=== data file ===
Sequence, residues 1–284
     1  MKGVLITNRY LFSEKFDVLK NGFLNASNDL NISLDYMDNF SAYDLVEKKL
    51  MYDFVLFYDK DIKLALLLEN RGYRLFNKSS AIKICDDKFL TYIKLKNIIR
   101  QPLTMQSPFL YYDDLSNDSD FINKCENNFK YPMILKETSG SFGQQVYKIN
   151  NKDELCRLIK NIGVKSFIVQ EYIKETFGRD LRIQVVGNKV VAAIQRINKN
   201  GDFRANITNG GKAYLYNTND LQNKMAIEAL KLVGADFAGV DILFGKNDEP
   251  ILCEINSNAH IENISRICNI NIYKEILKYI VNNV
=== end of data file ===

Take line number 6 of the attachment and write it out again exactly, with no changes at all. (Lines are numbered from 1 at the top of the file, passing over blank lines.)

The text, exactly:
   201  GDFRANITNG GKAYLYNTND LQNKMAIEAL KLVGADFAGV DILFGKNDEP